In our summary of our engagement activities in our 2016 Responsible Ownership Report2, we emphasise the importance of the outcomes achieved from successfully concluded engagements and show where we have collaborated with other institutional investors to achieve these. It is also important to note that where we have not achieved a successful outcome on a specific ESG issue with the company, follow-up engagements are initiated to press management on the matter until we can conclude that the ESG concern has been satisfactorily addressed and the engagement concluded.

As we deepen our responsible ownership practises and investee companies improve their reporting practices and stakeholder engagement (as encouraged by King IV), our aim is to quantify the results of long-term engagement on their risk-adjusted returns. We are eager to ascertain whether the empirical evidence in the South African market supports the conclusions derived from the international research data set. Practising responsible ownership, the outcome of our application of Principle 17 of King IV, creates different types of value on a daily basis and we see our internal business environment, our clients and the market itself capturing the full value benefit of our responsible ownership practices.


Sustainalytics’3 recent report entitled Engagement: Unlocking the black box of value creation provides a good summary of the different types of value created by responsible ownership.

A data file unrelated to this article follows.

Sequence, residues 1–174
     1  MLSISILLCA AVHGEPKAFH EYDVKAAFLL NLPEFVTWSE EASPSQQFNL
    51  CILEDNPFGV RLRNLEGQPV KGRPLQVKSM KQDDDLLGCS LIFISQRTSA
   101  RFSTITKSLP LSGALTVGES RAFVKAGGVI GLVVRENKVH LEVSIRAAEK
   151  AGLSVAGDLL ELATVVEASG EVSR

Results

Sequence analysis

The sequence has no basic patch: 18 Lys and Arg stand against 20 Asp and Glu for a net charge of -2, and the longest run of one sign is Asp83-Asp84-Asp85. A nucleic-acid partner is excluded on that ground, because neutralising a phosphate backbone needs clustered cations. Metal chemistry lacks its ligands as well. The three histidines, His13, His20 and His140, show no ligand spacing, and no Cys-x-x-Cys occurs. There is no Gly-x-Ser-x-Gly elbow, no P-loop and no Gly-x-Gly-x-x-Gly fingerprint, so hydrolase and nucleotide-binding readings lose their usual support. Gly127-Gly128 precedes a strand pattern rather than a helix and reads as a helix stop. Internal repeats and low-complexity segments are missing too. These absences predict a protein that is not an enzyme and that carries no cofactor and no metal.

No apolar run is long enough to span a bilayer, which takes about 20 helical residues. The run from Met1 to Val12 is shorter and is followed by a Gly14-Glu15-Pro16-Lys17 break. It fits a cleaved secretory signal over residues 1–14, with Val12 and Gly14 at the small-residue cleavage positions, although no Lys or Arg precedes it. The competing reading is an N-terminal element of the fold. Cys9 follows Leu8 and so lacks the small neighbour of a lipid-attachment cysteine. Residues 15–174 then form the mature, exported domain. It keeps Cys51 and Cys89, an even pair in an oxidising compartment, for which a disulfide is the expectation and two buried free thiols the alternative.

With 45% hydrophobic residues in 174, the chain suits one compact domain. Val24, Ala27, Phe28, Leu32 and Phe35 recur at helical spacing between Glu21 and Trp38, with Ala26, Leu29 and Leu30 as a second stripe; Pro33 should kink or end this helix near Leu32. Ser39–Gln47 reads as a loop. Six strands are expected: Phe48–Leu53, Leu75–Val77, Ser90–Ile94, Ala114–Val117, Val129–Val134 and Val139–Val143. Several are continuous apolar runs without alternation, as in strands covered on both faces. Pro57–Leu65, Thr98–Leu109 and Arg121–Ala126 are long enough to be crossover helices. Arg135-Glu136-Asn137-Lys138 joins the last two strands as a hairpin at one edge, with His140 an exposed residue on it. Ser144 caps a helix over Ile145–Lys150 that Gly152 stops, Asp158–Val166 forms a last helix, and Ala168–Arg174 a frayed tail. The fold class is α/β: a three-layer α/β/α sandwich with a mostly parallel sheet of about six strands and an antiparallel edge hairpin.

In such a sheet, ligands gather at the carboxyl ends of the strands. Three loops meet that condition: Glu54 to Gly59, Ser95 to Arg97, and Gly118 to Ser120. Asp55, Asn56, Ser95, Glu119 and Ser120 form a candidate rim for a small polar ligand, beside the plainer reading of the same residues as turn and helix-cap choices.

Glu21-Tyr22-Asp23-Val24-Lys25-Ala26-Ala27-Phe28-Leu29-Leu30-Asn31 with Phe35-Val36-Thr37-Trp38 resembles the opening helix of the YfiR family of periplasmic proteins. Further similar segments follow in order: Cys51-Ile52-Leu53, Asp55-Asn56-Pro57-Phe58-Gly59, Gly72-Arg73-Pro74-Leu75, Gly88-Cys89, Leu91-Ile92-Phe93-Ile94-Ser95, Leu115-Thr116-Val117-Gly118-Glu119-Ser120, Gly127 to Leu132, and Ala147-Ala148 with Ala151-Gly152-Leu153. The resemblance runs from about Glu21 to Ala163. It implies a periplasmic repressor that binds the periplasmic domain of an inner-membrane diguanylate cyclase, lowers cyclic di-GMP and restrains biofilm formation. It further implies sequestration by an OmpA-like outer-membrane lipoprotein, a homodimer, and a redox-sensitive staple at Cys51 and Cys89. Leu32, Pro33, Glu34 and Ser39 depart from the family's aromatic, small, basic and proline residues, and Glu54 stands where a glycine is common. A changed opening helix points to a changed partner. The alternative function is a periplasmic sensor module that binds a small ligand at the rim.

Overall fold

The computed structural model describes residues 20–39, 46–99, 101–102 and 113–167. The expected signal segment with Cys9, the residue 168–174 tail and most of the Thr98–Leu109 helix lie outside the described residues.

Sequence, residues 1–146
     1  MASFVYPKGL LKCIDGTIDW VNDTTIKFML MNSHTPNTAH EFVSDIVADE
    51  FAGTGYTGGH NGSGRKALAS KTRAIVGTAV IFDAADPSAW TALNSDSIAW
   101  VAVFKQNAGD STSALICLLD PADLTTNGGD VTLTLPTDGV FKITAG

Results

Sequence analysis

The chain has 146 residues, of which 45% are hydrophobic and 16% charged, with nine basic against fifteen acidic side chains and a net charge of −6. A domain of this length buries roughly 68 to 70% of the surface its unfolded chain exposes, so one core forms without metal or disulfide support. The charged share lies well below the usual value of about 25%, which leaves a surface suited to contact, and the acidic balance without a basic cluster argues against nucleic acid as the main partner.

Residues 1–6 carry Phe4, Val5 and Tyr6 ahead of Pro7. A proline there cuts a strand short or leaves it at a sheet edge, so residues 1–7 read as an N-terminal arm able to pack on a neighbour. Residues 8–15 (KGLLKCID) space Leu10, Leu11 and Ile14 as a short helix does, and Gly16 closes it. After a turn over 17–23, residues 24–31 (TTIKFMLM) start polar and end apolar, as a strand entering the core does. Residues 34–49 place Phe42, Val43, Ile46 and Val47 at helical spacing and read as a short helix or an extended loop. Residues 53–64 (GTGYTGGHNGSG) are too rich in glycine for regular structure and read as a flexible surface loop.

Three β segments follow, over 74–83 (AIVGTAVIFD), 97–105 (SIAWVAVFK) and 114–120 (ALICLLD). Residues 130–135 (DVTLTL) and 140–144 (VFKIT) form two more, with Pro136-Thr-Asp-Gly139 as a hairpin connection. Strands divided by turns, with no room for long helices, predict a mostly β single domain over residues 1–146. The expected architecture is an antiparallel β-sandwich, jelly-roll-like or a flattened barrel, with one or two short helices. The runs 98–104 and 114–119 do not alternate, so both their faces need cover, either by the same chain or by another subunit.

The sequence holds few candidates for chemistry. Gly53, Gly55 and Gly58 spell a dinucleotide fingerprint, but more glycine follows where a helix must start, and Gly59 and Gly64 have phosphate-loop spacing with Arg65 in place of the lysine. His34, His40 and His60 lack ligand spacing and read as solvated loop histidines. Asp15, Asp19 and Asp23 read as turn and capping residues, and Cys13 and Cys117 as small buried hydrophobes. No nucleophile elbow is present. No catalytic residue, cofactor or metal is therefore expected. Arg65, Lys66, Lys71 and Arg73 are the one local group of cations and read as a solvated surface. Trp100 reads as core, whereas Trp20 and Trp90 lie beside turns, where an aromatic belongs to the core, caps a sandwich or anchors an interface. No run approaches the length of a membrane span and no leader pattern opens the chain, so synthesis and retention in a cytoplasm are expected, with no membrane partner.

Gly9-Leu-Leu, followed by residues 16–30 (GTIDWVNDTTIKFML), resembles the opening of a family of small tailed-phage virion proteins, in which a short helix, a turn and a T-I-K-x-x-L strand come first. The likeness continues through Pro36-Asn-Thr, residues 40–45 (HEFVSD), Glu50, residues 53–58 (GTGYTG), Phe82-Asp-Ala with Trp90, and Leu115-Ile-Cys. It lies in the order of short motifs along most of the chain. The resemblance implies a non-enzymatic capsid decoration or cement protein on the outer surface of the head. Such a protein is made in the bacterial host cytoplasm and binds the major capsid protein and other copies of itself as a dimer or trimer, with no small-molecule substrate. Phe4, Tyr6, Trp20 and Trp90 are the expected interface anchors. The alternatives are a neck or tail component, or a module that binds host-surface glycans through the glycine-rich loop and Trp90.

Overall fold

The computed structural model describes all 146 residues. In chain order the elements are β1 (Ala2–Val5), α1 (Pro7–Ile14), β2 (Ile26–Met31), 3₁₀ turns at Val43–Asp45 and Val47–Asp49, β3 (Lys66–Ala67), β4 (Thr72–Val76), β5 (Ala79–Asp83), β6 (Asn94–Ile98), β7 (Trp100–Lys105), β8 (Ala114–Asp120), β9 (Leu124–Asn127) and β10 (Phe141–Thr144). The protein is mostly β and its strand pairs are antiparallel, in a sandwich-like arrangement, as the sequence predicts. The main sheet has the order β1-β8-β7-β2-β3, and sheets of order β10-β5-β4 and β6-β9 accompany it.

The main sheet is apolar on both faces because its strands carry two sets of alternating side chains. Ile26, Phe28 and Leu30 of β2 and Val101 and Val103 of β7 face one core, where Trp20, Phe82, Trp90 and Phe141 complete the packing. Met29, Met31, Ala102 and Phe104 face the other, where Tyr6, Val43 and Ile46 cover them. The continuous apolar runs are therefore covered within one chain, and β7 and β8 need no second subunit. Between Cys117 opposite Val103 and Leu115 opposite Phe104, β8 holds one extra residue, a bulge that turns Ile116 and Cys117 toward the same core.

In their view, the impact of our active ownership activities goes beyond the financial value they create to a broader definition of value creation.

Value creation in this context includes:

  • Fulfilling fiduciary duties
  • Obtaining more in-depth insight into investee companies
  • Increased collaboration between the portfolio manager, analyst teams and ESG analysts
  • Raising companies’ awareness of investors’ ESG concerns
  • Improved relationships with investee companies
  • The transformation of investee companies’ corporate
  • behaviour.

1 Dimson, E., Karakas, O., & Li, X. (2015). Active Ownership. Review of Financial Studies


3 Engagement: unlocking the black box of value creation – Niamh O’Sullivan & Jean-Pascal Gond (June 2016) Sustainalytics and Cass Business School (City University London)



Robert Lewenson